The signing up of The Saudi Arabian Monetary Authority (SAMA) to Ripple’s xCurrent was among the key highlights for quarter 1, Ripple ’s CEO Brad Garlinghouse revealed in an ‘Ask Me Anything’ session. The session was conducted by Ripple’s chief marketing strategist, Cory Johnson. The signing up of six new clients to xRapid which included Cambridge FX and Western Union was just as big a milestone for the company, with the development team working hard to take the product from beta to production before the end of the year.
The need for Ripple’s payment solutions has never been greater, given the continued increase in global commerce which has not been supported by a rise in the number of correspondent banking relationships. In the last 10 years, the number of correspondent banking relationships has decreased by 50% due to high capital requirements, Brad revealed. This makes Ripple a godsend for the sector as it reduces greatly the capital needed for cross-border funds transfer.
Equally exciting for Ripple was the launching of the first customer-facing application that’s based on Ripple’s infrastructure: Santander’s OnePayFX. The app allows Santander customers to make same-day transactions for their clients in the UK and Spain. While there have been inventions in the financial services industry, they are mostly just at the application layer and they are constrained by everything underneath. Ripple’s vision is to drive innovation throughout the payments experience by changing the nature of payments flow at the infrastructure level.
Brad further broke down xVia, Ripple’s simple API interface which allows enterprises to access many currencies and payment networks globally. Using xVia, companies across the world can process their payments in almost any payment network in real-time and with miniscule fees. While sending information such as text messages and emails to the employees only takes seconds, sending them money could even take a week while also incurring very high fees. This is a challenge xVia is solving for many enterprises globally.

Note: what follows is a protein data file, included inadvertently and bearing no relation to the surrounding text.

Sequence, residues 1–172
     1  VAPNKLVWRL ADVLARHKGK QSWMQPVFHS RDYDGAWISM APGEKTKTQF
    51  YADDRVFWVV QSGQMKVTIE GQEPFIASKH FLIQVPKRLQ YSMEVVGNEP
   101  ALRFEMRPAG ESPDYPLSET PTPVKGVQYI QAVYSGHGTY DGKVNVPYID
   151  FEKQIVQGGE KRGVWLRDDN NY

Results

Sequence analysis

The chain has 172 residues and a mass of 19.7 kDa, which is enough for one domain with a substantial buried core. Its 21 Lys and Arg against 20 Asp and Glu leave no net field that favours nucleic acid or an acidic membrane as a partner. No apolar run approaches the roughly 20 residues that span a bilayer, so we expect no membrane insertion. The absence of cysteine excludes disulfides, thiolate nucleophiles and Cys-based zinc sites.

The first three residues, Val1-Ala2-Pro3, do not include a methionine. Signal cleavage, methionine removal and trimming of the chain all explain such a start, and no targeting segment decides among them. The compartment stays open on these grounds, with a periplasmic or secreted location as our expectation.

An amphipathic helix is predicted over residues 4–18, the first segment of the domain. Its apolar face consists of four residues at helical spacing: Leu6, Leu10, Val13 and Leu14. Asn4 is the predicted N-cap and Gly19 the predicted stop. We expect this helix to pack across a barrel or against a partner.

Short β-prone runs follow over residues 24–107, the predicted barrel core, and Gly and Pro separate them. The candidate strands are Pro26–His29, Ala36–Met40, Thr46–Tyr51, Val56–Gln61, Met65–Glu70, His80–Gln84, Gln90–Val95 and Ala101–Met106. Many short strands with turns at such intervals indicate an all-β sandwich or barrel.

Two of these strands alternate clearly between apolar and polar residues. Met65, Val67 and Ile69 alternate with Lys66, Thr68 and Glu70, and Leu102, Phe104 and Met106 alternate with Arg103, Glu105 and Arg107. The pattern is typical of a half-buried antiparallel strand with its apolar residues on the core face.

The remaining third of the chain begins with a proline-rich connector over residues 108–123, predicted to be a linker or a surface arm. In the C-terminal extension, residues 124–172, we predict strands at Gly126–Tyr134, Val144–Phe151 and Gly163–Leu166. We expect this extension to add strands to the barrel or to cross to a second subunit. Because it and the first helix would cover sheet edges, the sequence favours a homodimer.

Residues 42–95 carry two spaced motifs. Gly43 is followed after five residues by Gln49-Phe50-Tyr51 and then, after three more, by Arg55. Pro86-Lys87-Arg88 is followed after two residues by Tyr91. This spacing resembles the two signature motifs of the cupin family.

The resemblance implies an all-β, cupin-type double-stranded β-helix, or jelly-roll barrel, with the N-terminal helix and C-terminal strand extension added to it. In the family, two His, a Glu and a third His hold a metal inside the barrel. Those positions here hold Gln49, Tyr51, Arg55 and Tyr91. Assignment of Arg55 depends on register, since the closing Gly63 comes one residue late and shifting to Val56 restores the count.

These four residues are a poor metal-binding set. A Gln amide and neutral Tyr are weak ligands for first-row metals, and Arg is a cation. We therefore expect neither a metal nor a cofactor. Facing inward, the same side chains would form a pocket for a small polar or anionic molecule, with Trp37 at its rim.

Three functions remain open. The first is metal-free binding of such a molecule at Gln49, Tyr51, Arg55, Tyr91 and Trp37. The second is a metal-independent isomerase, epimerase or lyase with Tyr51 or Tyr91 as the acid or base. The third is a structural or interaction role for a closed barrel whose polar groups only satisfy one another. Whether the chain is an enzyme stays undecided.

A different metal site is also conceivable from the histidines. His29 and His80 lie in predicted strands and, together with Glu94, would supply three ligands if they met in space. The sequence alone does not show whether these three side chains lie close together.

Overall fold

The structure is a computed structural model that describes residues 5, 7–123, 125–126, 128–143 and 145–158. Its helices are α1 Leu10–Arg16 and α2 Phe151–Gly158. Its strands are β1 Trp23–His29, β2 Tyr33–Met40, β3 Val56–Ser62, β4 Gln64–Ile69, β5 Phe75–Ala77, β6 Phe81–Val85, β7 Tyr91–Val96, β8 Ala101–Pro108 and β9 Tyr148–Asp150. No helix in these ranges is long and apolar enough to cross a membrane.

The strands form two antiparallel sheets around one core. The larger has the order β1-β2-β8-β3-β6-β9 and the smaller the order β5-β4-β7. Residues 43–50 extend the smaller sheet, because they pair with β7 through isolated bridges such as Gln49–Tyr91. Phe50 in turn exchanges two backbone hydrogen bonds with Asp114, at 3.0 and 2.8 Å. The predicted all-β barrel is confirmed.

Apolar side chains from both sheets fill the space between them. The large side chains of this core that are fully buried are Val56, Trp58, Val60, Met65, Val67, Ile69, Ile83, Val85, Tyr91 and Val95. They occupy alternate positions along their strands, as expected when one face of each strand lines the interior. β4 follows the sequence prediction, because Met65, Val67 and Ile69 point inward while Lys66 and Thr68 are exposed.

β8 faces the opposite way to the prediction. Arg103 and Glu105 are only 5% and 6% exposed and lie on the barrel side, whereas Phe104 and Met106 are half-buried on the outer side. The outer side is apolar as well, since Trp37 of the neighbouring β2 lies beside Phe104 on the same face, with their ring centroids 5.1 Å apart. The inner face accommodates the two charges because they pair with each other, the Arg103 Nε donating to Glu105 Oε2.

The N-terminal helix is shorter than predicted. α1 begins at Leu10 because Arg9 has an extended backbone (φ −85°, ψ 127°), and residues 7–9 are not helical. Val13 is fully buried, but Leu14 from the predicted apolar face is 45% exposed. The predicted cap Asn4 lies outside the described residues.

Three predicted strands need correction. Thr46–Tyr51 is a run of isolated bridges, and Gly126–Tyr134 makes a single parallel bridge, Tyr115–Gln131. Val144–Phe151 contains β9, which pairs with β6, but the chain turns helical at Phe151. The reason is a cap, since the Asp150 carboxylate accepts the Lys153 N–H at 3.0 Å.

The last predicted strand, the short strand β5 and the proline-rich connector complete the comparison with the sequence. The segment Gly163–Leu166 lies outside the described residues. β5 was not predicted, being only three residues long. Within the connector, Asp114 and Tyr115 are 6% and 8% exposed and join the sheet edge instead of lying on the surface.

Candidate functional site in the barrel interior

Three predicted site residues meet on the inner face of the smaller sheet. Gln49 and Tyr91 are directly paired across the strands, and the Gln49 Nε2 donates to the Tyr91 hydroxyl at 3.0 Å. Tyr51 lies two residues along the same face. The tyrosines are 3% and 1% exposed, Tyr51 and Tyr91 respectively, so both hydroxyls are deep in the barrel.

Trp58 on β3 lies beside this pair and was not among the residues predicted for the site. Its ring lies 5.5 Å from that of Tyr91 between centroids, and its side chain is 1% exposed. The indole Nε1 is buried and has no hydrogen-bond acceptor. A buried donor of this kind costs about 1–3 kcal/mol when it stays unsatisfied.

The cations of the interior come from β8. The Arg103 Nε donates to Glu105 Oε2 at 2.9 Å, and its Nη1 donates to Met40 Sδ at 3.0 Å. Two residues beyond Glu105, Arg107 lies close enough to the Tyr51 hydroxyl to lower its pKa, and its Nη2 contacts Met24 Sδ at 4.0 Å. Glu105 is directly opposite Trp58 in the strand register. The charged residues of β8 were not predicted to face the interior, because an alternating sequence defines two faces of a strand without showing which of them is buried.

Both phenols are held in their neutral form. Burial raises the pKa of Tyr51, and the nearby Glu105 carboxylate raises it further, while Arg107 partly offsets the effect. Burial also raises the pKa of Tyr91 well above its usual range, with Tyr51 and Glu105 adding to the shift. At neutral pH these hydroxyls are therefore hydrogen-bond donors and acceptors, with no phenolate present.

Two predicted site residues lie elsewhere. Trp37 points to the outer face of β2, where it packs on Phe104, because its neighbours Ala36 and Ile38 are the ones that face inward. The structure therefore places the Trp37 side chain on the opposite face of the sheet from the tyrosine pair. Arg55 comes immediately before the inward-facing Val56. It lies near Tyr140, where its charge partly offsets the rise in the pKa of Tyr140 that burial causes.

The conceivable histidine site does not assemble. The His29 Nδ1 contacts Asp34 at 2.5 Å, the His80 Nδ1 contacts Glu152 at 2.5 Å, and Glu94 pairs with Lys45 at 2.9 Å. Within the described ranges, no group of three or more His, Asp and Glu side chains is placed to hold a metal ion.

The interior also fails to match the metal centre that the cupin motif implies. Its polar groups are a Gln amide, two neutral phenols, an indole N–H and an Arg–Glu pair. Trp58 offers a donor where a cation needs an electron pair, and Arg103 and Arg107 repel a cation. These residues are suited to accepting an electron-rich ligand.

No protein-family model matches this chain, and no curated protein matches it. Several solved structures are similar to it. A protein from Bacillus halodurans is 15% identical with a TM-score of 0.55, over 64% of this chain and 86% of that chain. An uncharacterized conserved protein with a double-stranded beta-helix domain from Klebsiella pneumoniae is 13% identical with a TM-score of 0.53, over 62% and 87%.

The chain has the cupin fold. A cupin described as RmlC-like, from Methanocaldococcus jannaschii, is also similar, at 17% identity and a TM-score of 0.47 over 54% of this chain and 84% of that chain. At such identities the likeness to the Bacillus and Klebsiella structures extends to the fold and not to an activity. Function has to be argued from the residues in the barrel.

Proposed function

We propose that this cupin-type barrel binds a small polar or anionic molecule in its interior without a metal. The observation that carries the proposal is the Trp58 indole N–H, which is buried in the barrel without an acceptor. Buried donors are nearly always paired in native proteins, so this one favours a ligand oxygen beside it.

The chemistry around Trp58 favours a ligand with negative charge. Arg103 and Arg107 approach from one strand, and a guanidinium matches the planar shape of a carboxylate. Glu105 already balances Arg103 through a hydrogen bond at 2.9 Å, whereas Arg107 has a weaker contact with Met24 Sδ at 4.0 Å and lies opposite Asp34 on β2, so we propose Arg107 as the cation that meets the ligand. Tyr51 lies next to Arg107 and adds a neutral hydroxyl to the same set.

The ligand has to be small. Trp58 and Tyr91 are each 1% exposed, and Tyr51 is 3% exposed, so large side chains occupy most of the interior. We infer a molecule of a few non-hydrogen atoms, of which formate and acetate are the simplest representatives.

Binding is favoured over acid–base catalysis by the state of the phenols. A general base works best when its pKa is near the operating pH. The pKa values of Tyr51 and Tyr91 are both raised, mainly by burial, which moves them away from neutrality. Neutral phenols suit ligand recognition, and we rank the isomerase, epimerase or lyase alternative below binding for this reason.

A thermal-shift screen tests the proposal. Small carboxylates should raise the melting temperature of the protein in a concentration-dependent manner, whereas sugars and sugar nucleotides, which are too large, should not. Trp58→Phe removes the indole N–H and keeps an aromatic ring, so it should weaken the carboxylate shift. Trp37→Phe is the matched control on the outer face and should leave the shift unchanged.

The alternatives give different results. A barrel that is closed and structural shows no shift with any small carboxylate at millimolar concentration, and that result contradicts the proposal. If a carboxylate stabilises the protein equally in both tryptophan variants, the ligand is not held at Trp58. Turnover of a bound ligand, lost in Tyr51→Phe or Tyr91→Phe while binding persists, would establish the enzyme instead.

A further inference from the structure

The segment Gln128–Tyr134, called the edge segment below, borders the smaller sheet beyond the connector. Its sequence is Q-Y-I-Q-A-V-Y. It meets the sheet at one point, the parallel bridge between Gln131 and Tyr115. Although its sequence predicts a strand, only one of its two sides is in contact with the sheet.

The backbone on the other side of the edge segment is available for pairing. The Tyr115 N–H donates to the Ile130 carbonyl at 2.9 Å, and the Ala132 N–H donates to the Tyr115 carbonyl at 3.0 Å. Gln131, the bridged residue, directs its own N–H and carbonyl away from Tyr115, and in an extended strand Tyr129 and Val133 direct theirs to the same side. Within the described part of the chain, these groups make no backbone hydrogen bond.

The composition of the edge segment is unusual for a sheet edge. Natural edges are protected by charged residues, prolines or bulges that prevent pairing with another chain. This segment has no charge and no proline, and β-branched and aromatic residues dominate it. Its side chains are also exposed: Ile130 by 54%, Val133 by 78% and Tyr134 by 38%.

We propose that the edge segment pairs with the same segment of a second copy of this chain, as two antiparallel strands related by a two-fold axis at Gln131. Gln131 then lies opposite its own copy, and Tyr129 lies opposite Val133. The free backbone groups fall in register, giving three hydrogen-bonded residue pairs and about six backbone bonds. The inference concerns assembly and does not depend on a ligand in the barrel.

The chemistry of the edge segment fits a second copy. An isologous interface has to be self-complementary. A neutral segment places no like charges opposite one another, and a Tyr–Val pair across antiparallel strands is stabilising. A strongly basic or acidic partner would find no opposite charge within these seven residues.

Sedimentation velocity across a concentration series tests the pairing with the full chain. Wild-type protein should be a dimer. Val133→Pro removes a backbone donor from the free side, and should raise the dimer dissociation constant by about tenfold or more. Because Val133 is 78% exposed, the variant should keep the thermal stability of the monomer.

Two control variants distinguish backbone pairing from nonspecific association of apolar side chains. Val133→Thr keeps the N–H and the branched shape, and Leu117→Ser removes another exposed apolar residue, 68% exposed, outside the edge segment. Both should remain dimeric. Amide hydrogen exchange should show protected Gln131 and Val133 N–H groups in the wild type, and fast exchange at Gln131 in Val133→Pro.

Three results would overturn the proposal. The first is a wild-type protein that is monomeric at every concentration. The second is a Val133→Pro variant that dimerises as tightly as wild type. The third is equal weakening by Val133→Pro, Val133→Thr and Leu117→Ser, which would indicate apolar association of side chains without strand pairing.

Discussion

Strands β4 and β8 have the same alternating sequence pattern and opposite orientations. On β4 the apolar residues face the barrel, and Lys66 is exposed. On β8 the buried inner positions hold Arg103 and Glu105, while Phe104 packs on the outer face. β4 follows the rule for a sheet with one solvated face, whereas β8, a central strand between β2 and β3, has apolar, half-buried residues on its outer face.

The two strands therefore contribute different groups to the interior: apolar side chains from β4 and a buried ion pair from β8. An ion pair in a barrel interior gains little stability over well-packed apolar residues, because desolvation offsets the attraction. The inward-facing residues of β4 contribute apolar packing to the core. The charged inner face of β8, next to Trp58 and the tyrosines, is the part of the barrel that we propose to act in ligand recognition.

The quarter has been one with stark contrast: Ripple had its best quarter ever while XRP had its worst quarter ever, a situation Brad believes was a natural and expected by-product of the industry’s maturation process. With the industry still trying to find stability, there has been a lot of misinformation and speculation which has affected the prices of most digital currencies negatively. The situation wasn’t helped by the ambiguous regulatory framework and hands-off approach many governments have taken. Ripple has nevertheless set itself apart by leaning in and working with regulators and this could prove to be a major differentiator in the long run.
XRP should not be considered a security, Brad responded to a question on the hot debate in the crypto community. The first reason it’s not a security is that it does not represent a share of Ripple and the two are independent. The second reason is that the XRP ledger and ecosystem would continue to operate even if Ripple were to become defunct. The third reason is that there is a real utility in the XRP token and it’s solving a real problem.